In a small boardroom on the second floor of the Metropolitan Hotel on Howe Street, Clarence Louie, the maverick chief of the Osoyoos Indian Band, is doing what he is often asked to do these days. That is, talk to First Nations bands about how to evolve from a ulture of dependence into a bastion of independence and entrepreneurship. “I won’t go to a meeting these days unless it has to do with creating jobs and making money,” Louie announces bluntly to a small gathering of band councillors and administrators from the Saulteau First Nation near Moberly Lake in northern B.C. “I spend my time on economic development and I don’t care what you say; everything costs money. Even our traditional ceremonies cost money.” It’s the first and last time you’ll hear this renowned (No. 40 on Maclean’s 2003 Watch List of Canadians) First Nations business leader utter the word “tradition” during his PowerPoint presentation, but you’ll quickly lose count of the number of references to “economic development.” In his neat blazer, pressed black trousers and wire-rimmed glasses, he could be mistaken for a Fraser Institute pundit. Before an audience, Louie is a formidable and brazen speaker who isn’t afraid to push buttons. In private, he is serious, intense and straightforward, with a penetrating gaze and an extremely quick mind. He’s been accused by his own kind of sacrificing traditional First Nations culture and values at the altar of capitalism, yet under his leadership his band built the beautiful Nk’Mip Desert and First Nations Heritage Centre which does just that – promotes aboriginal culture. Nobody – First Nations or otherwise – is immune to his critical gaze. In one breath he’ll dismiss the ¬federal department of Indian affairs as an inept bureaucracy that has perpetuated a First Nations ¬welfare state. In the next, he’ll chide fellow ¬aboriginals who claim to be following the “red road” (adhering to traditional values and spirituality) while collecting a social assistance cheque. Truth is, the 46-year-old’s pro-business views are grounded in a belief that the only way forward for First Nations is to break the cycle of poverty and dependence on government handouts – that have plagued his people since the Indian Act became law in 1876 – through self-¬sufficiency and economic development. His track record as chief of the 420-strong Osoyoos Indian Band, now in his 22nd year, has garnered attention around Canada and abroad. The accolades are nice, and Louie’s got the ¬financial cred to back it. The Osoyoos Indian Band Development Corp. currently owns nine businesses, with annual revenues topping $13 million, including the award-winning Nk’Mip Cellars, the first First Nations-owned winery in the world. Every Christmas, 12 per cent of profits are distributed to band members. In 2005, more than 1,000 First Nations and non-First Nations were employed by OIB businesses and joint ventures. That same year, OIB Holdings generated nearly $2 million in lease payments from non-First Nations companies such as Calgary-based Bellstar Hotels & Resorts, which is putting the finishing touches on a four-star property – Spirit Ridge Vineyard Resort and Spa – on the shores of Lake Osoyoos. Not too shabby for a band that has fewer members than your average urban high school has students. “Anyone who has been in town for more than five minutes knows about him,” says CJ Rhodes, president of the Osoyoos Chamber of Commerce. Brett Sweezy is the Sandpoint, Idaho-based president of Winter Recreation, ULC, the parent company of Mount Baldy Ski Corp. When the outfit purchased the small ski resort east of Osoyoos in 2005, Sweezy and his partners approached the Osoyoos Indian Band on whose traditional lands they were planning to build an 8,000-bed resort. After tough negotiations, Sweezy and company signed a precedent-setting agreement that gives OIB a 2.5-per-cent interest in Winter Recreation ULC, a share of revenues from real-estate development, reduced lift tickets and job opportunities for band members at the resort, as well as assurances that archeological sites and traditional land use would be respected. In exchange, the American company acquires a comfortable level of certainty that the band will support its resort plans, wisely sidestepping the thorny aboriginal land title conflicts that have deep-sixed other ventures in the past. “I give the OIB a lot of credit because there is a lot of pressure from other First Nations not to sell out,” Sweezy says over the phone from Sandpoint about the agreement he hammered out with Louie. “In our meetings with Chief Louie, there wasn’t a lot of open banter. He’s not afraid to point fingers and put issues on the table. He’s a politician and he’s always aware of how things will play out with his council.” On several occasions Sweezy has had the unenviable task of following Louie on the speakers’ list at various conferences and meetings. “I’ll only speak before him now; otherwise nobody will listen,” Sweezy says with a chuckle, giving a nod to Louie’s prowess at the podium. In an article published by the online journal Indian Country Today, Ed Romanowski, CEO of Bellstar Hotels & Resorts, says outside investment on Osoyoos band property is attractive because Louie and the OIB have demonstrated that “their word is their deed.” The OIB’s economic profile has been “an inspiration for many bands,” but it’s not necessarily a model that can be applied across the board, says Stewart Phillip, chief of the Penticton Indian Band and current president of the Union of B.C. Indian Chiefs. “Some bands simply don’t have the same economic opportunities.” Certainly, the OIB is blessed by its proximity to a relatively vibrant business environment in the south Okanagan, and it doesn’t fault other First Nations for focusing on the treaty process to gain a share of resource revenue from the province. However, he’s convinced the principles of self-sufficiency are sound. But the doorway to change hasn’t always swung open easily for Louie. It’s taken a lot of debate, disagreement and frank self-reflection among a people Louie says are too often fixated on looking to right past wrongs and sticking Band-Aids on nagging social issues such as alcoholism, drug abuse and family strife. “I like dealing in reality,” he says. “I’m not saying that everybody agrees with me. A lot of elders still hold up the British flag and talk about promises made a hundred years ago. Personally, I don’t have any faith in the Queen.”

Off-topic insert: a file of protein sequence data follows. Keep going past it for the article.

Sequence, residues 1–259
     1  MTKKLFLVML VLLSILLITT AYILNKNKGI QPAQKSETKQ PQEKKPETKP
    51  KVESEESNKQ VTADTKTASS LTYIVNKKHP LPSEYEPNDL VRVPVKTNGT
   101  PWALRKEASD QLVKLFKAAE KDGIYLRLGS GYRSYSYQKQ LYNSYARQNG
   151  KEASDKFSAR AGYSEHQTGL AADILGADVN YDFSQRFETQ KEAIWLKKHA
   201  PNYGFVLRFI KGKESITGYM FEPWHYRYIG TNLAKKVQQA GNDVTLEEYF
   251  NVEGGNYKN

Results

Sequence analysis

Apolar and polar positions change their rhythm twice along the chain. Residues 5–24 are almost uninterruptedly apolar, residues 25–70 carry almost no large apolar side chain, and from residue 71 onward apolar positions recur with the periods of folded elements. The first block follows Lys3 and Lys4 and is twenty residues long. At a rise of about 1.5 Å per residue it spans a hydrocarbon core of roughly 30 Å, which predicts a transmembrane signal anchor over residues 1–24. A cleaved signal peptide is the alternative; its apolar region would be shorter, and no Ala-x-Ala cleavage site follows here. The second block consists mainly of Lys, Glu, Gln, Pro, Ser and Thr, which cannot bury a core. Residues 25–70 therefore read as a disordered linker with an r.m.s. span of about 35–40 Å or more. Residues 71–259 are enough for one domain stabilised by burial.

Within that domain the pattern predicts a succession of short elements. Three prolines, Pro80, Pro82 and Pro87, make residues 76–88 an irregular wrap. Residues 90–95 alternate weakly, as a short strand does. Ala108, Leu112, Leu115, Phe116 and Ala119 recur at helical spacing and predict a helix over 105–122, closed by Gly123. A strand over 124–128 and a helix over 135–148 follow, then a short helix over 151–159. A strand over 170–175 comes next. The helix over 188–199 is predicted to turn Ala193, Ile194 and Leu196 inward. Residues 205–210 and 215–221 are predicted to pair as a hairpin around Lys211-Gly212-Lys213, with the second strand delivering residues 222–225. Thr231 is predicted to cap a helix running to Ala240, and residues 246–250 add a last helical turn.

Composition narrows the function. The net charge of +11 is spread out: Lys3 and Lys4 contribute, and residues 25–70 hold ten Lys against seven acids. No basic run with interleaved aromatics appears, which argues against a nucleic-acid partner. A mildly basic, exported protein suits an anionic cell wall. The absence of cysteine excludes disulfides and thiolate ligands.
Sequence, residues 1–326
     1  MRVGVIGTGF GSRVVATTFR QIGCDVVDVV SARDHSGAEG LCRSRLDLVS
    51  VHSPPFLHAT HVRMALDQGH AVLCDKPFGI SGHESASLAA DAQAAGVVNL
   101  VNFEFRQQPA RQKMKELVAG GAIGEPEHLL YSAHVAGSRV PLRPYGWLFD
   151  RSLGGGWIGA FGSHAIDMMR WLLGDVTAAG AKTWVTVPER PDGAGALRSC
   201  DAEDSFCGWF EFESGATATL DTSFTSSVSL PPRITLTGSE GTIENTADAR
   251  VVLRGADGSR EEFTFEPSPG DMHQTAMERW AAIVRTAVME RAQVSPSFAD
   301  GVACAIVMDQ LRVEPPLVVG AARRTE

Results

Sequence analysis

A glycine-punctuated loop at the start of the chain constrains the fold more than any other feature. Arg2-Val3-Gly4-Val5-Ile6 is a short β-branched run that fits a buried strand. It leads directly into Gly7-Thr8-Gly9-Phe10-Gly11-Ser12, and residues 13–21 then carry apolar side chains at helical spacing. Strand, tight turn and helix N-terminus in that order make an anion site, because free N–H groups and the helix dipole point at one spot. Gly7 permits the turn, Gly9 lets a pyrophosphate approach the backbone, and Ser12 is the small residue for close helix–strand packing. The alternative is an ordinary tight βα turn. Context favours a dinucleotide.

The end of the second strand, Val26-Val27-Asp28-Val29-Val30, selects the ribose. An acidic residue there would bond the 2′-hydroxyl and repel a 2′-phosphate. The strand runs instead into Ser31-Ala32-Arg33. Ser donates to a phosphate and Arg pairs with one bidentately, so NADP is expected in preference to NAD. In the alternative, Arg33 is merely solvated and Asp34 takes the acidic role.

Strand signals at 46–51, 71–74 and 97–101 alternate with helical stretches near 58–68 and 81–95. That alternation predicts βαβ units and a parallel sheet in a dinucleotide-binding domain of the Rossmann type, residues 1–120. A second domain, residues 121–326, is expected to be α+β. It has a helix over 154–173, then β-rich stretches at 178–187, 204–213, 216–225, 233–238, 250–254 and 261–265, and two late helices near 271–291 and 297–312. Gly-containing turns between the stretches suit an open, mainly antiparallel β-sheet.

In his neat blazer, pressed black trousers and wire-rimmed glasses, chief clarence louie could be mistaken for a fraser institute pundit. Nobody – first nations or otherwise – is immune to his critical gaze

Louie was born in Oliver in 1960 and at the age of 18, he enrolled in Native American studies at the University of Saskatchewan, eventually completing his ¬degree in Lethbridge. In 1984, at age 24, he was recruited to run for chief of the Osoyoos band. He won his first campaign and hasn’t looked back since. When he first took over the council reins he walked into a stereotypically dysfunctional band preoccupied with running Department of Indian Affairs (since renamed Indian and Northern Affairs) social programs and crippled by rampant nepotism, acrimonious band politics and social problems. The single band-owned business, a vineyard started in 1968, limped along year after year accumulating losses. Not surprisingly, he says, collectively his band was a symptom of a system the government instituted – one of welfare dependence and shoehorning bands onto marginal lands at the expense of job creation and economic development. But, he concedes, aboriginal leaders are also to blame, too eager to become the servants of federal programs instead of real advocates for change. “Any time we can kick DIA out of our business, we do it,” he says. Today Louie’s vision is still a work in progress, but the streamlined corporate environment at the OIB is a far cry from the dysfunctional place he walked into two decades ago. It’s no picnic working under Louie’s watch. Some of his HR concepts don’t exactly mesh with supposedly enlightened business models, where every day is a casual Friday. It’s not unusual to see small banners with slogans like, “If your life sucks, it means you suck,” or “A real warrior supports himself and others,” tacked to the walls of the band office. His council recently decided to install clocks at the band council and OIBDC offices to curtail truancy, and strict rules guard against the kind of nepotism that is common on Indian reserves where sisters supervise brothers and the chief hires his wife to do the books. Surprisingly, there’s not a single member of a First Nation on the OIBDC’s board of directors because, Louie says, business isn’t about race – it’s about expertise. “There’s a group of natives that feels entitled, and that needs to be changed to a culture of performance,” he says. “You don’t hand over the keys to a multi-million-dollar business to someone who hasn’t earned it. That’s a recipe for bankruptcy.” It’s time for Louie to wrap up his PowerPoint. He has a plane to catch back to the Okanagan. These days he doesn’t get too misty-eyed over First Nations spirituality and traditions. In his briefcase, along with his books on First Nations history and politics, he has a set of custom door handles for his kids’ Hummer that he picked up at a Vancouver car dealer. (As he’s fond of saying, there’s no culture in poverty.) “Our people have the worst social statistics in Canada and our leaders have allowed this to go on for 100 years. I’ve never bought that stuff about natives being non-competitive. Throwing the best potlatch required accumulating a certain amount of wealth,” he says as he snaps his briefcase closed. Clearly, Chief Louie didn’t get to where he is today by mincing words.